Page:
Crowdfunding is a viable source for raising funds for many types of businesses, including content creators.
But, as a backer in the crowdfunding process, you are caught in the middle of two parties who have their own motives for wanting you to pledge, and to increase your pledge to as much as possible.
The two parties are:
- the crowdfunding platform, such as Kickstarter;
- the project creator.
Let’s start by looking at the motives of a project creator. The motives of a crowdfunding platform are analysed separately.
- The project creator is looking to raise as much funds as possible in excess of the funding goal, in addition to using the campaign and backers as input into understanding the market for the product.
- The crowdfunding platform, such as Kickstarter, wants you to pledge as much as possible because they make the 5% service fee once the project is funded.
- Everything on the crowdfunding platform is structured to fulfill these motives.
- Post campaign, the project creator may seek additional funding leveraging the success of the Kickstarter campaign.
It is important to understand why someone would want to launch a funding campaign for their idea on a crowdfunding platform. There are some overlapping motives that the various types project creators have, but, in general, each type has their own set of motives for using crowdfunding as a funding source.
Examples of the general motives are listed below. Each motive has an impact on me as a backer.
Motives of a start-up
A start-up’s motives could include any of the following:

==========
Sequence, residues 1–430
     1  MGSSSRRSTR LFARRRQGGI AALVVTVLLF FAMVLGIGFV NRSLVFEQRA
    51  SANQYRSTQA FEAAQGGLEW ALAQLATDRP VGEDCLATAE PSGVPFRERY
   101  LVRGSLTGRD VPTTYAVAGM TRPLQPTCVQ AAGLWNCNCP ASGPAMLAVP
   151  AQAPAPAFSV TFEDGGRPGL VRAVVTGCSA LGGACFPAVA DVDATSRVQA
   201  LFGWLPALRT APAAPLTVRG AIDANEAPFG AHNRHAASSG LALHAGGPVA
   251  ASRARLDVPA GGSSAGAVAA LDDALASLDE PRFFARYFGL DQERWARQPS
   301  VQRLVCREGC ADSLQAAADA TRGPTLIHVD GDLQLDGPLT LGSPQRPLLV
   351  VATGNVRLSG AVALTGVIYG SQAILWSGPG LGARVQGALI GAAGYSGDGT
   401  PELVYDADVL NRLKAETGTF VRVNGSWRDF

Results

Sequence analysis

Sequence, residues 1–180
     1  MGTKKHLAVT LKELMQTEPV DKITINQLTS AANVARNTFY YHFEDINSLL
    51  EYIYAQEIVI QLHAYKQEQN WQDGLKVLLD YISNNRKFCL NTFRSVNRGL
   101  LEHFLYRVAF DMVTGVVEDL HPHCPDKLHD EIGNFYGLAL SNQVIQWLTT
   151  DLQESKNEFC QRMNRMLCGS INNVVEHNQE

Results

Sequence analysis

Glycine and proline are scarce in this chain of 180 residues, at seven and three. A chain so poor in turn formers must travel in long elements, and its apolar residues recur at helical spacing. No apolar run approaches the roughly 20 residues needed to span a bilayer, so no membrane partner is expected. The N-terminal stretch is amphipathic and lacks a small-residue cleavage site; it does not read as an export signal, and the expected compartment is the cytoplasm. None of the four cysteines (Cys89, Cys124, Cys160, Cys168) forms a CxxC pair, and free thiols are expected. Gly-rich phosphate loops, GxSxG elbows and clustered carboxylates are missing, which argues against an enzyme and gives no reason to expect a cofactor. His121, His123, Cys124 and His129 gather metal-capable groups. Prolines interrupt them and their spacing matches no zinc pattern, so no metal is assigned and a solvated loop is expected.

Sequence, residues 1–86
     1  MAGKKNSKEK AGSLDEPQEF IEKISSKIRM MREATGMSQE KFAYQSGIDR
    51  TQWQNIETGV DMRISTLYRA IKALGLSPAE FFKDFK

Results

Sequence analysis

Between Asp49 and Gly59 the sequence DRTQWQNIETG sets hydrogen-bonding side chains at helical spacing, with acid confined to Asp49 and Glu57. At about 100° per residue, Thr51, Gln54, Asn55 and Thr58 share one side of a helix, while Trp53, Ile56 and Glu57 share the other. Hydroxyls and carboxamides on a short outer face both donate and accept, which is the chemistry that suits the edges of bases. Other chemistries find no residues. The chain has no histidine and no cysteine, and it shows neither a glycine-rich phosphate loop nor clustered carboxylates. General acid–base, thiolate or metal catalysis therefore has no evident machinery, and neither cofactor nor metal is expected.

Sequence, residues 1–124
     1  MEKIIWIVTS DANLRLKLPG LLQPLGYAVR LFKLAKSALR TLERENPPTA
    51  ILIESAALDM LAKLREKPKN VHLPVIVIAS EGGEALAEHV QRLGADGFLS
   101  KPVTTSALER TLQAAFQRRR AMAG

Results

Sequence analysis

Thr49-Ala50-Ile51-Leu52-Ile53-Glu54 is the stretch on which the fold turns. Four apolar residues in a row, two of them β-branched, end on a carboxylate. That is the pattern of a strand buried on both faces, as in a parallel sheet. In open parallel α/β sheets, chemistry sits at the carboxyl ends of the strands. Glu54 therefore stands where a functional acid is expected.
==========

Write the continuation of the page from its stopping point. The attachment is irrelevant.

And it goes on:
Motives of a business
As business or an experienced project creator on these platforms, the motives most likely would be:
Motives from other project creator types, including content creators
A self-employed project creator would use the campaign as another revenue stream to complement existing revenue streams, to gain experience or to build a portfolio.
A large corporate would typically use crowdfunding to test a product before commercialising it; a non-profit would use crowdfunding as an alternative donation or pledge-drive.
Post crowdfunding campaign
Once the fundraising campaign is completed, a project creator may use the success of the campaign to enable him to realise additional motives, such as securing funding from venture capitalists. These motives are part and parcel of growing a successful business.
As a backer
You need to be able to read between the lines and understand what the project creator’s motives. Their motives translate into how they want to influence backers, including using heuristics, advanced marketing techniques and behavioural crowdfunding.